Abnormal Psychology is a fascinating sub-field of psychology. While the name of the class is a bit outdated, the course really should be called Diagnosis and Treatment. Dealing mostly with the DSM-5 (The Diagnostic and Statistical Manual of Mental Disorders-Fifth Edition) diagnostic criteria for mental health disorders. The causes, symptoms, assessments, and treatments of mental health disorders are discussed at length.
Two of the most important elements when looking at diagnosis are looking at the context and the continuum of mental health behavior. This should be done before making a diagnosis as it can have an impact on the exact diagnosis that is made.
Here are some major terms and concepts in the field of Abnormal Psychology:
Etiology: The cause or causes of a mental health disorder. With mental health disorders there are often multiples causes and genetic predispositions for mental health disorders. The specific etiology of each disorder will vary from person to person.
Theories of Etiology: There are several theories of etiology of mental health disorders including the biological theory, humanistic/existential, psychodynamic, cognitive, behavioral, and the post-traumatic model. Again, usually multiple factors and influences usually lead to the development of mental health disorders.
The DSM-5: The Diagnostic and Statistical Manuel of Mental Disorders-5th Edition. The is the Bible of Mental Health, all identified mental health disorders are in this book and used by clinicians across the US to determine if a person has a mental health disorder, the severity, and other pertinent information regarding the disorder. A new DSM is released about every 10-12 years by the American Psychiatric Association and is every clinicians most important diagnostic tool.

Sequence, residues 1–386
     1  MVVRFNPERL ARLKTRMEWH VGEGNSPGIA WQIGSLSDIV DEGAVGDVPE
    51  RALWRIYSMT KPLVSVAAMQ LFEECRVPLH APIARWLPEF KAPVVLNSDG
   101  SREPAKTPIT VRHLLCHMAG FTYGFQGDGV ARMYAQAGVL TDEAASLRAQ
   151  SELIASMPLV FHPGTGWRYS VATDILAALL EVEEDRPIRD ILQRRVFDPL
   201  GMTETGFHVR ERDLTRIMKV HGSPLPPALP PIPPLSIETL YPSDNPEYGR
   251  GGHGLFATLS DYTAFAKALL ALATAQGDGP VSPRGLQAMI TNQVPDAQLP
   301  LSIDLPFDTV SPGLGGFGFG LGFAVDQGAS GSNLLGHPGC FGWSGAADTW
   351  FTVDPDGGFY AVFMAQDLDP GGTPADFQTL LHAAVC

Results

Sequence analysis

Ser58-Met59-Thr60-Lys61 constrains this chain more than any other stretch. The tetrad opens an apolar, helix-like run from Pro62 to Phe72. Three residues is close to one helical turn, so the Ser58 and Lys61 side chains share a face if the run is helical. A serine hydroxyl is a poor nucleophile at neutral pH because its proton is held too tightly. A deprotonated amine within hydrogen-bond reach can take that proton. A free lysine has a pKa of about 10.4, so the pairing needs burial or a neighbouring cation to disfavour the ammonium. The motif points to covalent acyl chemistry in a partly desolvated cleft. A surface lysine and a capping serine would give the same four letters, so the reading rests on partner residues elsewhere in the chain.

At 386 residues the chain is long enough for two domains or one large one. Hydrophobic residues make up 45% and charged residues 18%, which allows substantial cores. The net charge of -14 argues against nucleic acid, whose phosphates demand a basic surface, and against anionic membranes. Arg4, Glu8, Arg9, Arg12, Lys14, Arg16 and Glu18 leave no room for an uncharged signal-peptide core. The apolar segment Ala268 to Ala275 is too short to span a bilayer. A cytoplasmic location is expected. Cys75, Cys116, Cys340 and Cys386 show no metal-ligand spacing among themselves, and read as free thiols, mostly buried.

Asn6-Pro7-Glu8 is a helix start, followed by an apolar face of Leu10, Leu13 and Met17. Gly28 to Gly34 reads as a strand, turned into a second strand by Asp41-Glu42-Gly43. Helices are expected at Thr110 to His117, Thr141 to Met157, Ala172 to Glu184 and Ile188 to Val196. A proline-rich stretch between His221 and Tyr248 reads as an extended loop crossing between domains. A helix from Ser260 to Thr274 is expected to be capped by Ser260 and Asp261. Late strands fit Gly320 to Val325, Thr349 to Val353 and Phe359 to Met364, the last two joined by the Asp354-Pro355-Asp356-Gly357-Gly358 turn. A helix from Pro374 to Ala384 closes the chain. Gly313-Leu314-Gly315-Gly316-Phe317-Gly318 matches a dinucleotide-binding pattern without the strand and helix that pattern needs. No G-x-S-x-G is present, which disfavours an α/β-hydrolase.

Diagnosis: The process of determining if a person meets the specific criteria for a mental health disorder according to the criteria identified in the DSM-5. Just like in physical health, a diagnosis is made like strep throat, cancer, or a broken ankle.
Examples: After meeting with his therapist it was determined that Johnny had Bi-Polar disorder because he met the criteria identified in the DSM for Bi-polar disorder.
Prognosis: The likely outcome for the person diagnosed with a mental health disorder. There is a wide array for the prognosis of people with mental health disorder. Two people with a similar disorder can have a different prognosis because everyone is different and severity can be drastically different. Also, the prognosis between disorders varies drastically.
Examples: The prognosis for Timmy who has severe Schizophrenia is not great as this disorder frequently ends in long-term treatment, suicide, or being homeless. However, he does have a chance of having a “normal” health life as well. Whereas, the prognosis for Jenny who has a Major Depressive Episode is very bright and she will likely live a long, healthy, and positive life, but has a chance of suicide.
There are a variety of categories of mental health disorders in the DSM including:
- Depressive Disorders
- Anxiety Disorders
- Bipolar Disorders
- Schizophrenia and Disorders of Psychosis
- Dissociative Disorders
- Eating/Feeding Disorders
- Substance Abuse and Addiction Disorders
- Personality Disorders
- Neurodevelopmental Disorders
- Obsessive-Compulsive and Related Disorders
- Trauma- and Stressor-Related Disorders
- Somatic Symptom Disorders
- Elimination Disorders
- Sleep-Wake Disorders
- Sexual Dysfunctions
- Gender Dysphoria
- Disruptive, Impulse Control and Conduct Disorders
- Neurocognitive Disorders
- Paraphilic Disorder
To reference this page:
Mikita, D. (2015). Abnormal psychology. Retrieved from Free Psychology Help: http://www.freepsychologyhelp.com/?page_id=18